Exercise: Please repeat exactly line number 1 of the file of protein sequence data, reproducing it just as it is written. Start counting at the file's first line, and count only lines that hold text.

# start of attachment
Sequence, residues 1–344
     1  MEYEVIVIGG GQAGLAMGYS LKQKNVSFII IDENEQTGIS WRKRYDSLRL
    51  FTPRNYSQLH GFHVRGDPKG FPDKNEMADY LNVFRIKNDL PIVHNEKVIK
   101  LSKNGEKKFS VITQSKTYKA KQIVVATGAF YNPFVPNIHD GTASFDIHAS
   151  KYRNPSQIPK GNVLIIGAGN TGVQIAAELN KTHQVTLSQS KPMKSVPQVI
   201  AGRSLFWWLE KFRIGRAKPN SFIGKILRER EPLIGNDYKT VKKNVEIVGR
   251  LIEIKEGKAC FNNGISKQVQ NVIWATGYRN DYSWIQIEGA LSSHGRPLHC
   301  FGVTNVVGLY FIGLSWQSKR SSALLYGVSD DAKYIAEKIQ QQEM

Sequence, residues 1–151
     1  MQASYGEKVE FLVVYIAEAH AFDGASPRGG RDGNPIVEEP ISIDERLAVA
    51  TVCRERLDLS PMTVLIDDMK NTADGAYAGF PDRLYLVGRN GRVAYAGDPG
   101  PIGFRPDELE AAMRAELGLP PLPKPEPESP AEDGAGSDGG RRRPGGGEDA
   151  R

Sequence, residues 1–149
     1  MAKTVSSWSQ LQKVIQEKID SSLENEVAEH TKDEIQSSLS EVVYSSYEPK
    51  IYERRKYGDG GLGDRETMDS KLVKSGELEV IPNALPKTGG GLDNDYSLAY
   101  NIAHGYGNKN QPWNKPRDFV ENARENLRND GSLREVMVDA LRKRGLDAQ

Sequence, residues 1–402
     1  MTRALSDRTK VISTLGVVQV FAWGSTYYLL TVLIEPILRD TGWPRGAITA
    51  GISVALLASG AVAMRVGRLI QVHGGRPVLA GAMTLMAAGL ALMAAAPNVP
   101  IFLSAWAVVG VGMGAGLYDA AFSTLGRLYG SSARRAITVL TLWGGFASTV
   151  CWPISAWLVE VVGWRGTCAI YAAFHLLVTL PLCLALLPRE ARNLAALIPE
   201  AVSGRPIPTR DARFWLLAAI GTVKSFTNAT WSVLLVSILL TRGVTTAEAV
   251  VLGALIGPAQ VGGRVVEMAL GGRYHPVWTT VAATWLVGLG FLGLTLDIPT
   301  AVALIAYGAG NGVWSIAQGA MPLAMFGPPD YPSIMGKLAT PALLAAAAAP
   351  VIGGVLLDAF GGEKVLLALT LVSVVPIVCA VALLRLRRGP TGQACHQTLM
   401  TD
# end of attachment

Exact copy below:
Sequence, residues 1–344